Of course, the music and its surroundings cannot be the only things to blame for my frustration. Music can only give back as much as you bring to it. I often ask myself "What am I bringing to the table?" Charlie Parker's "If you don't live it, it won't come out of your horn" is often quoted to describe the musician's apprenticeship, but does it not also apply to the listener? That is to say, if you don't live it, can you at least hear it? (Please excuse the Carrie Bradshaw-like phrase construction) The answer surely lies in my wider feeling of distance from nearly all things, events and people. Were I fully able to experience things directly, without distance, in other words to "Let the horse go (, baby)," what I hear, and by extension what I write about what I hear, would surely be different.

Mr. Sandow's text has put in bold relief some aspects of music criticism which I had tried to bury and now will do my best to address. I think that in the end it boils down to one question: "Why am I listening to this music?" In every concert or CD review, this question is more or less directly approached and surely deserves a better answer than whether or not saxophonist X has sufficiently stepped out from under John Coltrane's shadow.

Tuesday, September 23, 2003

I'm famous!

Okay, maybe not quite yet. Les Lundis d'Hortenses is the association of Belgian jazz musicians. Last night I attended one of their meetings to help present a proposal for a website make-over. While at their HQ, I picked up their trimestrial magazine. Reading it today, I saw this:

LDH article

So it's not quite the New York Times, but you have to start somewhere.

Saturday, September 20, 2003

Revisited: Jef Neve - Blue Saga (Contour)

Blue SagaI must admit that I rarely return to records after reviewing them. However, after the terrific concert described two posts ago, I felt the urge to pull out "Blue Saga" once more. I didn't remember hearing the high-energy playing Neve displayed in Pascal Schumacher's group, so I especially wanted to see if I had somehow missed it.

It turns out I hadn't missed anything. "Blue Saga" remains in the running for Belgian album of the year, but it is certainly far more sedate than the Schumacher gig. The set consists essentially of original ballads, interrupted only by the uptempo bop of Charlie Parker's "Segment" and "Pink Coffee" and the dynamic, two-drum back-beat of "When Spring Begins." While this may account for what I perceived as Neve's greater ability to carry a ballad (notably in dynamics and pacing), it offers only a limited view of his formidable capacities.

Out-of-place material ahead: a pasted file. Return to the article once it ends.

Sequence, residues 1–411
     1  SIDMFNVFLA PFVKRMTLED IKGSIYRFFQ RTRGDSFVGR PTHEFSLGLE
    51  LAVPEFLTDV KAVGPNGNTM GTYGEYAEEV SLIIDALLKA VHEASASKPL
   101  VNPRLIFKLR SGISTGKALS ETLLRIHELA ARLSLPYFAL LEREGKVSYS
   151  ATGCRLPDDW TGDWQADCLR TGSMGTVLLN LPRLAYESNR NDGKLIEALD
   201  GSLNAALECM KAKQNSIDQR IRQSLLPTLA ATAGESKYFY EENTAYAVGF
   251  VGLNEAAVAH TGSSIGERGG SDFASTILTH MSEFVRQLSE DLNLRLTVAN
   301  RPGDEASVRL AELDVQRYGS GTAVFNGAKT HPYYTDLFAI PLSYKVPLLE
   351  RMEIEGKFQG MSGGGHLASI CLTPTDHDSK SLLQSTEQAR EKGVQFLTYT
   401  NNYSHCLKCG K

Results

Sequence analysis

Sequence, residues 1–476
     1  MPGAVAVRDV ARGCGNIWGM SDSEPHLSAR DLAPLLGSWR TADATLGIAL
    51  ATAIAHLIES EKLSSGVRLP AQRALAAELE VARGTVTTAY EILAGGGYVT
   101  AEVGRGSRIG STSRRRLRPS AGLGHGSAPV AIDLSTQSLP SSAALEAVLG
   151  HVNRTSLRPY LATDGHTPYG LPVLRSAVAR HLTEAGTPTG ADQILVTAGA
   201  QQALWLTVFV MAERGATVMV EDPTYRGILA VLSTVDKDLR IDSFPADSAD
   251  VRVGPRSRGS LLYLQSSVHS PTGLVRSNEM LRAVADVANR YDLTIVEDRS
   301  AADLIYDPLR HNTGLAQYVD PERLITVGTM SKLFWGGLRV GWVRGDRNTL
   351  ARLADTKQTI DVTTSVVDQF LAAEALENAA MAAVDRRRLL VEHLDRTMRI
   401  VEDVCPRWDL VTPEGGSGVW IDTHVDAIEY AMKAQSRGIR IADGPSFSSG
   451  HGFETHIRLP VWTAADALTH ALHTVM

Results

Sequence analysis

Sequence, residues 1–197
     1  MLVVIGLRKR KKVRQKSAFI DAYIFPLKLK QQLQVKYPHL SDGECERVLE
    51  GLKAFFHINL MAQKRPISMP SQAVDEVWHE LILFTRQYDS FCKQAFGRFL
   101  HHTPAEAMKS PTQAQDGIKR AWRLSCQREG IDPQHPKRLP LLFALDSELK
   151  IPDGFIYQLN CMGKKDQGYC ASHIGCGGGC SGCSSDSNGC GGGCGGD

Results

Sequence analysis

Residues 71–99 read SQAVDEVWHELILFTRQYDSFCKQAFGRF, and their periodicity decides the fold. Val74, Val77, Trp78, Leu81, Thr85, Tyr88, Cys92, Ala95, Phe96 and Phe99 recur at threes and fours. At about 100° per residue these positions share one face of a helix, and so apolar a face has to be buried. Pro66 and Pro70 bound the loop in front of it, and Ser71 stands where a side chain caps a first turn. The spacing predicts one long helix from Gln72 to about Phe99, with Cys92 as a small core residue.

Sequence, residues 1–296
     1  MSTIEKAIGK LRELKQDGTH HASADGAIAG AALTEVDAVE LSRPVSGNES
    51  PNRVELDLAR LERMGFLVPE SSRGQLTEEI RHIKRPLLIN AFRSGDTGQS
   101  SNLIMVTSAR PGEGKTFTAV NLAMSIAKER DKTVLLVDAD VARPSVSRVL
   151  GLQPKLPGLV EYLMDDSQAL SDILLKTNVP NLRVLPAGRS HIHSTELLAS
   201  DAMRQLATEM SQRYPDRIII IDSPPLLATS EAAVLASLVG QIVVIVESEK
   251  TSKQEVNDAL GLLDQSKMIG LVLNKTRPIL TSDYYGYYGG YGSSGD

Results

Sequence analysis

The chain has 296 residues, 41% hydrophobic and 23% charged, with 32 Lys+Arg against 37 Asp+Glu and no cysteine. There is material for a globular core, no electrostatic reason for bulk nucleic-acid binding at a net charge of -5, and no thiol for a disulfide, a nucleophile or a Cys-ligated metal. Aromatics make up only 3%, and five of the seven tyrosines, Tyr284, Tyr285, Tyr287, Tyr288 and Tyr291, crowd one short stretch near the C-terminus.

"Blue Saga" can be ordered from Jef Neve's website. Buy the album and help him pay off his brand-new Citroën Berlingo.

Friday, September 19, 2003

Some new CDs

Over the past few days, I've received 3 new, and quite different, Belgian CDs of which I'll give a brief overview. Upon further listenings, I may return with more detailed accounts.

Hilde Van Hove - Insense (Gandharva)
InsenseHilde Van Hove's debut CD is something of a mixed bag. Her supporting cast is thoroughly brilliant: Michel Herr on piano, Hein Van de Geyn on bass, Billy Hart on drums and trumpeter Bert Joris, who appears on several tracks. Billy Hart is especially wonderful, delicate and sensitive throughout.

The repertory is conservative, but with a few interesting turns. It consists mostly of standards such as "East of the sun" and "Blue in Green." My favourite of these is "When lights are low," a joyous voice-bass duet which successfully captures the bounce of Miles Davis's version on "Cookin'." Alongside the standards are an interpretation of Wayne Shorter's ballad "Iris," which conveys Shorter's mysterious elegance of writing and features a shimmering solo by Herr and two Brazilian offerings, "Gentle Rain" by Luis Bonfa and "Triste" by Antonio Jobim. The programme is rounded out by two originals.

I'm not a big fan of Dutch-speaking singers singing in English because their accent lacks the charm of, say, a Brazilian's. As it is, they generally sound a bit clumsy, and Van Hove is no exception. However, and apart from a totally misguided reading of "Every time we say goodbye," Van Hove does a decent job.

"Insense" is available at Hilde Van Hove's website.

Flat Earth Society - The Armstrong Mutations (Zonk!)
The Armstrong MutationsFlat Earth Society is a big band that specialises in somewhat off-the-wall music, as can be gathered from mono-syllablic album titles such as "larf" and "bonk." Here, leader Peter Vermeersch revisits music composed by or associated with Louis Armstrong, such as "What a wonderful world," "Black and Blue" and "St. Louis Blues."